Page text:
Developing and Deploying a Risk Framework for PFAS Management in Rural America

Connecting Predictive Models of PFAS Contamination with Risk Perceptions to Guide Management Decisions

Location: University of Maine
Sponsor: Water Resources Research Institute National Competitive Grants Program (104g)

Applying biosolids to farm fieldsThis project uses an integrated risk framework to quantify and communicate the threat of PFAS (per- and polyfluoroalkyl substances) contamination to the resilience and livelihoods of rural areas. To achieve this goal, the team is implementing a collaborative, integrated, interdisciplinary research project to address three objectives: 1) identify factors that predict PFAS fate and transport near biosolids agricultural application areas to develop vulnerability models for groundwater (GW) resources; 2) determine barriers to scientific information uptake and implementation of management strategies; and 3) provide a research blueprint for replication of the approach to benefit PFAS-impacted rural communities.

Across the United States, there is growing concern about the widespread occurrence of PFAS (per- and polyfluoroalkyl substances) in our water, our food, and our bodies stemming from exposure through landfills, pesticides, atmospheric deposition, consumer products and fire suppressants. This is particularly true in rural America, where the land application of municipal and industrial biosolids to agricultural fields or septage disposal sites may be further contributing to PFAS contamination in groundwater (GW) and surface water (SW). Importantly, heavy reliance on private wells for drinking water in these regions drives an urgent need for innovative research to quantify both real and perceived risks and guide management decisions to minimize the threats of PFAS contamination to water resources, rural resiliency, public health, and economic well-being. Understanding the factors that contribute to PFAS fate, persistence and transport in rural areas is essential. However, this information may be insufficient for guiding management decisions and informing stakeholders without concurrent research focused on the individuals and communities whose livelihoods and wellbeing are threatened by this contamination. Many citizens and communities find it difficult to understand the scientific issues involved in complex environmental challenges. Moreover, rural areas consistently display lower trust in scientists and institutions that are responsible for gathering and interpreting data as demonstrated by marked vaccine hesitancy in rural areas during the COVID-19 pandemic. To address the multifaceted nature of the complex challenges that PFAS pose to rural areas, an interdisciplinary team of natural scientists, social scientists, environmental engineers and data scientists is studying the environmental, social, and economic dimensions of PFAS science and management.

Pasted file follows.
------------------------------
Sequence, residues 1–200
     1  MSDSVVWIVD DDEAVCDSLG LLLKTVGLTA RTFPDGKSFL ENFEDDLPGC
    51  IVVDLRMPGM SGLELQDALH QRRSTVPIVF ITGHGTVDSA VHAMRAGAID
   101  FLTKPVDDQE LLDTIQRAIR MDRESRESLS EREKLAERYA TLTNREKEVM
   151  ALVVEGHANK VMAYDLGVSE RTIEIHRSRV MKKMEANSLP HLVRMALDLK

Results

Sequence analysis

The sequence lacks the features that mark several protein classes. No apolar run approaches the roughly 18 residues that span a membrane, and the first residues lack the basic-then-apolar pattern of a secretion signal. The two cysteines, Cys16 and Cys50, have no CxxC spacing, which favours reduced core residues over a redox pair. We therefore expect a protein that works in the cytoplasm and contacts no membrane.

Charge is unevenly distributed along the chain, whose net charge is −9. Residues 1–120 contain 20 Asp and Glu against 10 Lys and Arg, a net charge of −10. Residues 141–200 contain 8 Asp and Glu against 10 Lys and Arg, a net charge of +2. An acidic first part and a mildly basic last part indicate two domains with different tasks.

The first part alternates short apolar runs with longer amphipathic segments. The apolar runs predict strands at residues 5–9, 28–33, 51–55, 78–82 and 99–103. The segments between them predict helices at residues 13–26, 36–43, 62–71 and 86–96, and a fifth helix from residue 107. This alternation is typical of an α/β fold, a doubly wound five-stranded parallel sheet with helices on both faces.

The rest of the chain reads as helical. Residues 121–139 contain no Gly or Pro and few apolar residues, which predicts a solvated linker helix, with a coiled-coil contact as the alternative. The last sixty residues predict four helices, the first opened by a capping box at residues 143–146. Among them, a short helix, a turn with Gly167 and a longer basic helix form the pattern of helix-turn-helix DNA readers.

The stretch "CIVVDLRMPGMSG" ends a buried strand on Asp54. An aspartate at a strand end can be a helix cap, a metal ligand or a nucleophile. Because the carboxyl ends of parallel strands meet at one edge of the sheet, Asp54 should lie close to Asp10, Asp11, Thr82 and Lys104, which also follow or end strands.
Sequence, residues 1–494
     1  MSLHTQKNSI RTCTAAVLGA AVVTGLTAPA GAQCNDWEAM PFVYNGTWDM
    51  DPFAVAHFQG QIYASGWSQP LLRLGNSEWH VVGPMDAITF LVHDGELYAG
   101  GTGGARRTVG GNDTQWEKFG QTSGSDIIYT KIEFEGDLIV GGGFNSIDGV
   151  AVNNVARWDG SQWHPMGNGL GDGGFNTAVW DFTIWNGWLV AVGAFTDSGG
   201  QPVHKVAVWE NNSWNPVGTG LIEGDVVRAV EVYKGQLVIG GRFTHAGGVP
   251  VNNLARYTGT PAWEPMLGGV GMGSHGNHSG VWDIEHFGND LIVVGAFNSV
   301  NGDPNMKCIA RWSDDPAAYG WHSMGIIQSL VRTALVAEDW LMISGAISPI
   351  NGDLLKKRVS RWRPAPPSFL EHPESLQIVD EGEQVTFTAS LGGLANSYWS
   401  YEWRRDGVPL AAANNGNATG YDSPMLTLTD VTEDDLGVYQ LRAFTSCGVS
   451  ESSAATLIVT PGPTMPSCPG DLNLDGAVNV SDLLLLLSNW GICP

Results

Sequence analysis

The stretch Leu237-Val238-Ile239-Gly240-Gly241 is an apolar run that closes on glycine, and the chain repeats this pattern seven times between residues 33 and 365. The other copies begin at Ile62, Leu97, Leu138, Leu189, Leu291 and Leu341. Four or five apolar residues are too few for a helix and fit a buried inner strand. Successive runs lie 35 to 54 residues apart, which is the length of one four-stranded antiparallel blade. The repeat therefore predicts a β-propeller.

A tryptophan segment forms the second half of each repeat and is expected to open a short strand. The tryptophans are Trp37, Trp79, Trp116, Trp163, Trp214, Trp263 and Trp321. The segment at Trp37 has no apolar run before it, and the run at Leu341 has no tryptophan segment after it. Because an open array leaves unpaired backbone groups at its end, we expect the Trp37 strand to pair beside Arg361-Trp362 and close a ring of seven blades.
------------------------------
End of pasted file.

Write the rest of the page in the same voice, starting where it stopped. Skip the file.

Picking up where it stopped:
The team is integrating unique environmental data sets and employing novel Linear Solvation Energy Relationship (LSER) modeling & machine learning to predict the likelihood that GW in rural areas exceeds PFAS advisory thresholds, thus quantifying risks to rural dwellers. The team is also capturing risk perceptions and potential mitigation actions of rural residents, creating opportunities to improve their understanding of PFAS science and how that science might benefit their community. The project uses an integrated risk framework to quantify and communicate the threat of PFAS contamination to rural areas’ resilience and livelihoods.

Team Members:

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